* * *

A less academic effort concerned with vision and long-term institutional and policy reform is the New Economy Working Group, a joint venture of the Institute for Policy Studies (IPS) and YES! Magazine. Among other things, the working group (which includes people, like Speth, who are concurrently involved in other initiatives) is attempting to create detailed designs for state and local banks in support of new-economy institutional development. (The longstanding Bank of North Dakota is one important precedent.) The larger goal of the Working Group is to advance a coherent vision of an economy organized around sustainable local community economies. John Cavanagh, on leave as director of IPS, and his wife, Robin Broad, a professor of international development at American University, emphasize the importance to developing nations of communities that provide economic, social and environmental “rootedness” in an “age of vulnerability.” David Korten, board chair of YES! Magazine and author of Agenda for a New Economy, stresses a radically decentralized domestic free-market vision of “self-organizing” communities that rely almost entirely on local resources. He envisions a trajectory of cultural change that could not only reduce conventionally defined economic growth but even reverse it—in part to make up for past ecological and resource destruction, and also to deal with global warming.

It is possible, even likely, that the explosion and ongoing development of institutional forms, along with new and more aggressive advocacy, will continue to gather substantial momentum as economic and ecological conditions worsen. It is by no means obvious, however, how even a very expansive vision of such trends would lead to “systemic” or “transformative” change. Moreover, different new-economy advocates are clearly divided on matters of vision and strategy. Speth, for instance, sees far-reaching change as essential if the massive threat posed by climate change is ever to be dealt with; he views the various experiments as one vector of development that may help lay groundwork for more profound systemic change that challenges fundamental corporate priorities. Others, like David Levine, executive director of the American Sustainable Business Council, emphasize more immediate reforms and stress the need for a progressive business voice in near-term policy battles. What to do about the power of large private or public corporations in the long term is an unresolved question facing all parties.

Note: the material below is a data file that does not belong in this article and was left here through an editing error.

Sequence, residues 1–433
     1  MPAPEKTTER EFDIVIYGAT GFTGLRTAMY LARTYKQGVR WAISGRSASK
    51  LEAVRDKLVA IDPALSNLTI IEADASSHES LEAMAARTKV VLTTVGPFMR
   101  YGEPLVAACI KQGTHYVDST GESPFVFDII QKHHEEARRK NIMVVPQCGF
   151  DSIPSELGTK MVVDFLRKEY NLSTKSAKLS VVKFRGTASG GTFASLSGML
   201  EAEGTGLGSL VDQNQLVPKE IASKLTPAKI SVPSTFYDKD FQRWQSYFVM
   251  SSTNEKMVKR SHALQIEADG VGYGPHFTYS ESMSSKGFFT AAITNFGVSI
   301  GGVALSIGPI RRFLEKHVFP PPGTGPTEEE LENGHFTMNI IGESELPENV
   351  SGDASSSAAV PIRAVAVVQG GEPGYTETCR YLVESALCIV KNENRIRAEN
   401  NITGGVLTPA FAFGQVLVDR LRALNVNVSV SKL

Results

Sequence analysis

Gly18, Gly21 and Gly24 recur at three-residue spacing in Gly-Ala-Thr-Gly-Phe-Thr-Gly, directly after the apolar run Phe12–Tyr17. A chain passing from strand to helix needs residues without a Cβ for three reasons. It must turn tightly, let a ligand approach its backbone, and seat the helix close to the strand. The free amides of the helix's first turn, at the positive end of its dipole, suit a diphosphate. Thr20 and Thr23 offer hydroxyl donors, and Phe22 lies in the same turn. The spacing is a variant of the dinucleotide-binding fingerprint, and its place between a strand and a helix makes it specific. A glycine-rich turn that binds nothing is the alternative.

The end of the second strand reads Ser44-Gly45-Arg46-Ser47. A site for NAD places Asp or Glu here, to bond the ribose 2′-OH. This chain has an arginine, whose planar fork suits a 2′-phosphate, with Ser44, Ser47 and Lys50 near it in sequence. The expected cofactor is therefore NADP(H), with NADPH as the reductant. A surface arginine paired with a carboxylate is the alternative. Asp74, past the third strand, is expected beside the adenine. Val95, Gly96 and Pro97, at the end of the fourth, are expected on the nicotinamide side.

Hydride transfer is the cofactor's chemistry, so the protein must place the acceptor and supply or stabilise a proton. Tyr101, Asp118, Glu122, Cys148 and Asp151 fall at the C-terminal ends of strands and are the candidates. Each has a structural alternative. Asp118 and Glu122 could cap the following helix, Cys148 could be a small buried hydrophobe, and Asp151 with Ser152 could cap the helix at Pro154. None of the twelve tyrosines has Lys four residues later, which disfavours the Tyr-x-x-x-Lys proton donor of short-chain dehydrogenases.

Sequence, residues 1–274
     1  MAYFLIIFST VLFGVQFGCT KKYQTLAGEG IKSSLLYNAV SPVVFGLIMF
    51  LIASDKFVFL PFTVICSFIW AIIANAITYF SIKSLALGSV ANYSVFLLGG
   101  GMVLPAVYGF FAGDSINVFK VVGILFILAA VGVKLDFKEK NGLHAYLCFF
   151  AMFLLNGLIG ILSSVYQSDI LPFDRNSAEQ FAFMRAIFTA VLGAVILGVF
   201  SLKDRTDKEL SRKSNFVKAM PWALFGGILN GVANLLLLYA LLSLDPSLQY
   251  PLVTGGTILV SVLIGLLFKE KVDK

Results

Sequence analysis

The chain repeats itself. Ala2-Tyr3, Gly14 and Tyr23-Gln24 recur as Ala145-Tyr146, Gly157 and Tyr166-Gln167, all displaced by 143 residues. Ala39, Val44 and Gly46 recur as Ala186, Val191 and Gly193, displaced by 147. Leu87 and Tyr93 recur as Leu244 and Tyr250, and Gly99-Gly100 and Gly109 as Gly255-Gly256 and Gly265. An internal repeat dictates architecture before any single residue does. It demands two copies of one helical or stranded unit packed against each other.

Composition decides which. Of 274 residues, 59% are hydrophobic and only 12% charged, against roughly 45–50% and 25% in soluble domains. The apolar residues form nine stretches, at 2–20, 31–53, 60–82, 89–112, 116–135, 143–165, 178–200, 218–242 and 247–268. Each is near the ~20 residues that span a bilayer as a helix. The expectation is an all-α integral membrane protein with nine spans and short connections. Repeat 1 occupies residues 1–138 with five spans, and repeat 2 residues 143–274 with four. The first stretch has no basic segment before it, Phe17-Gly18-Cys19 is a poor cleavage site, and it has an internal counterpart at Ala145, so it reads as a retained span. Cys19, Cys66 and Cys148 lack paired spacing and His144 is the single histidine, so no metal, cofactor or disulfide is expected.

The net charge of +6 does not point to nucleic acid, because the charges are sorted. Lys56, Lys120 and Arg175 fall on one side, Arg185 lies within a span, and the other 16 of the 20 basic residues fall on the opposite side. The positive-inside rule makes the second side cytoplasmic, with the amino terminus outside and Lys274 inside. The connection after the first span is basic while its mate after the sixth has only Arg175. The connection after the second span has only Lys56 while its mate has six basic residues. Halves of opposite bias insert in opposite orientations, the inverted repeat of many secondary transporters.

* * *

Obviously, any movement that urges changing the system faces major challenges. Apart from the central issue of how political power might be built over time, three in particular are clearly daunting: first, many new-economy advocates concerned about global warming and resource limits hold that conventionally defined economic growth must be slowed or even reversed. In theory an economic model that redistributes employment, consumption and investment in a zero- or reduced-growth system is feasible, but it is a very hard sell in times of unemployment, and it is a direct challenge to the central operating principle of the economic system. It is also a challenge to the priorities of most elements of the progressive coalition that has long based its economic hopes on Keynesian strategies aimed at increasing growth.

A related problem concerns the labor movement. Many new-economy advocates hold progressive views on most issues of concern to labor. In a recent letter supporting progressives in Wisconsin, for instance, the American Sustainable Business Council wrote that “eliminating collective bargaining is misguided, unsustainable and the wrong approach to solving deeper, more systemic economic issues”—hardly the standard Chamber of Commerce point of view! Still, the ultimate goal of reducing growth is incompatible with the interests of most labor leaders.

Although there have been tentative off-the-record explorations of how to narrow differences among groups, no direction for agreement has emerged. That some cooperation is possible is clear, however, from common efforts in support of “green jobs,” such as the Apollo Alliance (which aims to create 5 million “high-quality, green-collar jobs” over the coming ten years) and the BlueGreen Alliance, a partnership of major labor and environmental groups dedicated to expanding the quality and availability of green jobs. IPS director Cavanagh is working with a small group of theorists and activists on a plan for green jobs that attempts to integrate new-economy concerns with those of labor and other progressive groups, and to link the expanding local efforts with traditional national strategies.